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SALT LAKE CITY — Now that BYU has reached the halfway point of the season at 2-4, losing twice to Group of Five teams, the fire Kalani Sitake crowd is growing in increasing numbers.
Get rid of the fourth-year coach, the frustrated say, and blow out his entire staff. Naysayers quickly point out the Sitake regime has underachieved with a 22-23 record, replete with several embarrassing losses.
But, as the saying goes, be careful what you wish for, BYU fans.
Firing coaches, unless the given program is embroiled in flagrant NCAA violations or an absolute mess, should not be done simply for the sake of change, particularly at BYU, which is unlike any institution with its extensive hiring process.
At the introductory press conference announcing him as the new BYU basketball coach last spring, Mark Pope remarked, albeit slightly in jest: “Some might say it’s harder to gain top-secret security clearance to the CIA than to become the BYU basketball coach.”
Religion, obviously, plays a significant factor with regard to BYU head coaches. Full participation in the university’s sponsoring faith is mandatory, a stipulation that drastically reduces the candidates.
It can also limit possible assistant coaches. A potential quarterback coach could not join Bronco Mendenhall’s staff at one point due to not being an active Latter-day Saint member even though he belonged to the church.
As the candidate said, in confidence to me, he stood a better chance to get the job if he had never been baptized as opposed to not attending Latter-day Saint services anymore.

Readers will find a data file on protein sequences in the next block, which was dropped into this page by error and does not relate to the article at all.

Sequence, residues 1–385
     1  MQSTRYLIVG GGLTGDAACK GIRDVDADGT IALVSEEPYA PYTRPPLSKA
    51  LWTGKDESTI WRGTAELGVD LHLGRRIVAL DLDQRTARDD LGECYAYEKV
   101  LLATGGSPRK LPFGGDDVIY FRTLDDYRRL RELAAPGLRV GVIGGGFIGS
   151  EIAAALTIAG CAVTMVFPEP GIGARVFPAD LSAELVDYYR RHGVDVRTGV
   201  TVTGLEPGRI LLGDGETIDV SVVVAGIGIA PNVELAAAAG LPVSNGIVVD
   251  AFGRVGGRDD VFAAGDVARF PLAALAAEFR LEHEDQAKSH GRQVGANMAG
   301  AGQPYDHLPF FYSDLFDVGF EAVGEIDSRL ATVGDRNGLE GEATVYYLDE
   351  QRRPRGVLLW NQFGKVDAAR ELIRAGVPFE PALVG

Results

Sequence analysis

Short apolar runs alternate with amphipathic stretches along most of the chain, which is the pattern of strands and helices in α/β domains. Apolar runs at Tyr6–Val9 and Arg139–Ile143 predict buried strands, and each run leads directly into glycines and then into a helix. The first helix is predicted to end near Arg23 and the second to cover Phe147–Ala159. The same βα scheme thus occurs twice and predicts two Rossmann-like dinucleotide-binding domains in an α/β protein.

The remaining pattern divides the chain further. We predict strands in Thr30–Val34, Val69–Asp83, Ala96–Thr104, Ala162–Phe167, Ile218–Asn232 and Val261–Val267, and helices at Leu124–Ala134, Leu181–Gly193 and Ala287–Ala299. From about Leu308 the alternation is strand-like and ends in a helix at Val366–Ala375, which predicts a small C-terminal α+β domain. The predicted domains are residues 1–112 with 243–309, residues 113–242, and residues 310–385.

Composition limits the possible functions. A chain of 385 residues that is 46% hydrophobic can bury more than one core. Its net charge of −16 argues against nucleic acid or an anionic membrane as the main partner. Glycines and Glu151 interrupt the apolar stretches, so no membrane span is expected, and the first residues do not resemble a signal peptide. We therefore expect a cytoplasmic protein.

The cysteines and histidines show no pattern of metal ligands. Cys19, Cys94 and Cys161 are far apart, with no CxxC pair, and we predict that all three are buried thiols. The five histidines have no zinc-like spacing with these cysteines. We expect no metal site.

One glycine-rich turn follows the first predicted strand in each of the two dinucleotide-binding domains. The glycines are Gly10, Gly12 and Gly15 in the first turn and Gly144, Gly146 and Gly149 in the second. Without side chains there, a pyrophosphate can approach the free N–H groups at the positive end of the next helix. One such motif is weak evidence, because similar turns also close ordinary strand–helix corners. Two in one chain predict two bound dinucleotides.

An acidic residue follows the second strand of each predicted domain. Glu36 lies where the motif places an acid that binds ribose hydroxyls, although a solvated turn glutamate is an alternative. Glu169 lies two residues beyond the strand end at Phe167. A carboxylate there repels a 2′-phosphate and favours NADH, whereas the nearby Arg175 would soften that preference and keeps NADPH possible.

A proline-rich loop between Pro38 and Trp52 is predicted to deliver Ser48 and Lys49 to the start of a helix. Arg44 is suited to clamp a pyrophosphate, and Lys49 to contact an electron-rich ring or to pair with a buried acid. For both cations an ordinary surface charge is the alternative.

There’s also the issue of drifting into the no-win cycle of firing and hiring head coaches every few years in hopes that one of them finds sustained success. Using the Pac-12 South Division as an example, five of the six schools have combined to hire 16 head coaches since the conference added Colorado and Utah before the 2011 season.
Amid all the instability, Utah’s administrator has stayed the course with Kyle Whittingham during the nine years despite the program suffering losing seasons in 2012-13. Under the former BYU linebacker’s guidance, the 5-1 Utes are ranked No. 13 and are the heavy favorite to represent the South in the Pac-12 championship game.
Participating in the coaching merry-go-around often is a dicey proposition, leading to repeatedly building only to start over again and again. However, none of this is to suggest keeping an incompetent coach and his staff simply to avoid the hassle of going through another hiring cycle.
The case to replace Sitake has merit, even if it comes at the expense of ousting a wildly popular ex-BYU player and overall outstanding person. Maybe the best solution is to stay with the coach but demand changes to his staff.
Consecutive losses the last two games on the road to Toledo and South Florida have provided the critics massive amounts of ammunition. The Cougars led for most of both games only to slog through uninspired fourth quarters, during which they were outscored by a combined 27-0.
By now, nine years into playing without any conference affiliation, BYU has trouble consistently beating the slew of Power Five programs that annually highlight the early part of every schedule. Recent history has shown the Cougars can’t compete against the likes of Pac-12 powerhouse Washington, which has won the last two years by a total score of 80-26.
But all these losses to crummy programs has got to stop. Sitake can review all the game film he wants, which is usually his response after every setback, but his job deserves to be in jeopardy until BYU figures out a way to beat G5 programs.
No matter the coach, the university administration that goes far above the athletic director has got to increase the commitment to providing the football program with a much better chance at success. Substandard financing, rigid academic requirements, the Honor Code and the being in the no-man’s land as an independent are some of the obstacles the program has to handle even if a dream coach is out there somewhere.